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Why the “Dodd-Frank Wall Street Reform and Consumer Protection Act” won’t Reshape Wall Street’s Biggest Banks or Prevent another Crisis

By : Ziad K. Abdelnour| 30 July 2010
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As mentioned time and time again to our clients worldwide, we at Blackhawk never supported bailouts but rather believe it would be much better to let bailed out companies fail, rather than wait for a number of them to happen all at once. The system can indeed recover from bankruptcies as it always did throughout history.

South Korea went through this in the late 1990s. They didn’t have anyone to bail them out, and they had to go through the pain. Sweden did it in the early 1990s, Mexico did it, Russia did it. The list goes on and on. Competent people take over the assets from incompetent people and rebuild from a solid base. Survival of the fittest and Darwinism at its best. After all, this is what capitalism is all about.

In retrospect, it is a fact today that the $700 billion dollar TARP bailout was a massive bait and switch. The government said it was doing it to soak up toxic assets, and then switched to saying it was needed to free up lending. It didn’t do either.

It is clear by now that all what the bailout money did was lining the pockets of the wealthy, instead of helping to stabilize the economy or even the companies receiving the bailouts.

Bailout money was clearly used to subsidize companies run by idiots, allowing the bankers to receive fat bonuses, to redecorate their offices, and to buy gold toilets and prostitutes.

A lot of the bailout money went to the failing companies’ shareholders. Indeed, the true purpose of the bank rescue plans was a massive redistribution of wealth to the bank shareholders and their top executives.

The Treasury Department encouraged banks to use the bailout money to buy their competitors, and pushed through an amendment to the tax laws which rewards mergers in the banking industry (this has caused a lot of companies to bite off more than they can chew, destabilizing the acquiring companies)

And tens of billions of bailout dollars merely passed through A.I.G. to its derivatives trading partners. In other words, through a little game-playing by the Fed, taxpayer money went straight into the pockets of investors in AIG’s credit default swaps and is not even really stabilizing AIG.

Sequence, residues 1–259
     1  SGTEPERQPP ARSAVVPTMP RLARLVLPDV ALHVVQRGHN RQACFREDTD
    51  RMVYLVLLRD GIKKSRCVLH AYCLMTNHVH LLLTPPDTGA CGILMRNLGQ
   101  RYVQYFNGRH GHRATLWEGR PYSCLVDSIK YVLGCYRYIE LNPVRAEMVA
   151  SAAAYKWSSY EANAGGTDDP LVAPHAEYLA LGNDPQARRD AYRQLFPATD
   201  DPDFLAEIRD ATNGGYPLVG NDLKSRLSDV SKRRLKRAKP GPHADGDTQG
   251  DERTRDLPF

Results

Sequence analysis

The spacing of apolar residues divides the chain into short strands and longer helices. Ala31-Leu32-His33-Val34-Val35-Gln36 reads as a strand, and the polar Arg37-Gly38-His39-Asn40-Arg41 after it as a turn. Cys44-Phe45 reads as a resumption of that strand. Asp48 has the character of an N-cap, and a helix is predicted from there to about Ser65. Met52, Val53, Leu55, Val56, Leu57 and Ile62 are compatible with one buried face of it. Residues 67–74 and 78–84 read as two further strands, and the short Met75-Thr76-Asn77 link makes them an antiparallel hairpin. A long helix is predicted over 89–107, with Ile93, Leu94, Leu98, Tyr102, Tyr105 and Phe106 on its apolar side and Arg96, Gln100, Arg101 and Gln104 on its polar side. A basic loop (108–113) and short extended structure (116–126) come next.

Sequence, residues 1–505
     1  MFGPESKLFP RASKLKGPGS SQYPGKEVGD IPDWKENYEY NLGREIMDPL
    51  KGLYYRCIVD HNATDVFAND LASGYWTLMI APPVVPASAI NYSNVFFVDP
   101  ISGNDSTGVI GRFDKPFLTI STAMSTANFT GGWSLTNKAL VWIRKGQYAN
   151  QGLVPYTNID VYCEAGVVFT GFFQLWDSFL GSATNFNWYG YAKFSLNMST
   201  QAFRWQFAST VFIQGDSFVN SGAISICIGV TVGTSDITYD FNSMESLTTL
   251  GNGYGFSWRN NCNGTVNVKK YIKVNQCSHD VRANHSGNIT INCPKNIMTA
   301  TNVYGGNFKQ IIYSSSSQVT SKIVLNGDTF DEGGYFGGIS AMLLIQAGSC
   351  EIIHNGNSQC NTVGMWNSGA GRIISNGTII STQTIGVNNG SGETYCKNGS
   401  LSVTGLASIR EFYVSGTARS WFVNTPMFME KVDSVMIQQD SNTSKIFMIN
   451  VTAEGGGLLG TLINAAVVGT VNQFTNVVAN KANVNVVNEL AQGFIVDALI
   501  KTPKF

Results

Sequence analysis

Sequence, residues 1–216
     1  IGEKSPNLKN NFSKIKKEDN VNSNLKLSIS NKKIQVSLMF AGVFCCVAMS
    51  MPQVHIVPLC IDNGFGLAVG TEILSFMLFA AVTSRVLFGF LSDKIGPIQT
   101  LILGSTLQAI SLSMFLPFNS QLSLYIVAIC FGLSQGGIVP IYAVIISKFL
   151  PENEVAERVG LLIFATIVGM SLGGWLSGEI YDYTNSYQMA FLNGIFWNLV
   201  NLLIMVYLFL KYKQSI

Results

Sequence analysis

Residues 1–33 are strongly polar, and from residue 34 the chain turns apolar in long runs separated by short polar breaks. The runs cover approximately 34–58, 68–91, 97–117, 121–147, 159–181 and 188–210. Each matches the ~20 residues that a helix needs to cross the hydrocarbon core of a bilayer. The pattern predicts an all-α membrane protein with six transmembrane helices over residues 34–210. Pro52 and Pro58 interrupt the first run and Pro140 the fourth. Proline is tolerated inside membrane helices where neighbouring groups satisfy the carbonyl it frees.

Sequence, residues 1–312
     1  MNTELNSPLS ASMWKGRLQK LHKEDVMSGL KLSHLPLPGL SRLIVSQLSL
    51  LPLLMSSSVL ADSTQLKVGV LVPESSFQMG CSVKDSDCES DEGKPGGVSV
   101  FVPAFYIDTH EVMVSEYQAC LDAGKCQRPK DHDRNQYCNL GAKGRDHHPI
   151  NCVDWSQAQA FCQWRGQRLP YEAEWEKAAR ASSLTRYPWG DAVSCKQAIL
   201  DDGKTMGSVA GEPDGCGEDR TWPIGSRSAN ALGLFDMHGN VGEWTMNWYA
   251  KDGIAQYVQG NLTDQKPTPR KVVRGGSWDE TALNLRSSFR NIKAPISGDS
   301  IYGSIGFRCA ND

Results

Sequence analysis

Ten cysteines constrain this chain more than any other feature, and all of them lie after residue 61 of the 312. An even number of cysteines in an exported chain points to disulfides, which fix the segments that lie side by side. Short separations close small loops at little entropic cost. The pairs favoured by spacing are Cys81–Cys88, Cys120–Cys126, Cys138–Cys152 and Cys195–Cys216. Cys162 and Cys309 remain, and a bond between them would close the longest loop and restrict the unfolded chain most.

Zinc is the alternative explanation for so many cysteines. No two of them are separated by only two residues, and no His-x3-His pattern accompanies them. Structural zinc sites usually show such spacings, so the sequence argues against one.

But the TARP bailout is peanuts compared to the numerous other bailouts the government has given to the giant banks.

And I’m not referring to the $23 billion in bailouts, loans, guarantees and other known shenanigans that the special inspector general for the TARP program mentions in here. I am talking about more covert types of bailouts…..like guaranteeing a Fat Spread on Interest Rates.

Well, as you may or may not know, the trading profits of the Street is just another way of measuring the subsidy the Fed is giving to the banks; basically a transfer from savers to banks.

Check out for a change the latest quarterly reports from the big Wall Street banks that reveal a startling fact: None of the big four banks had a single day in the quarter in which they lost money trading.

For the 63 straight trading days in Q1, in other words, Goldman Sachs (GS), JP Morgan (JPM), Bank of America (BAC), and Citigroup (C) made money trading for their own accounts.

Trading, of course, is supposed to be a risky business: You win some, you lose some. That’s how traders justify their gargantuan bonuses–their jobs are so risky that they deserve to be paid millions for protecting their firms’ precious capital. (Of course, the only thing that happens if traders fail to protect that capital is that taxpayers bail out the bank and the traders are paid huge “retention” bonuses to prevent them from leaving to trade somewhere else, but that’s a different story).

But these days, trading isn’t risky at all. In fact, it’s safer than walking down the street.

Why?

Because the US government is lending money to the big banks at near-zero interest rates. And the banks are then turning around and lending that money back to the US government at 3%-4% interest rates, making 3%+ on the spread.

What’s more, the banks are leveraging this trade, borrowing at least $10 for every $1 of equity capital they have, to increase the size of their bets. Which means the banks can turn relatively small amounts of equity into huge profits–by borrowing from the taxpayer and then lending back to the taxpayer.

The government’s zero-interest-rate policy, in other words, is the biggest Wall Street subsidy yet. So far, it has done little to increase the supply of credit in the real economy. But it has hosed responsible people who lived within their means and are now earning next-to-nothing on their savings. It has also allowed the big Wall Street banks to print money to offset all the dumb bets that brought the financial system to the brink of collapse two years ago. And it has fattened Wall Street bonus pools to record levels again.

To get a clear picture of what is going on in here, ignore the intermediate steps (borrowing money from the Fed, investing in Treasuries), as they are riskless, and it immediately becomes clear that this is merely a direct payment from the Fed to the banking executives…for nothing.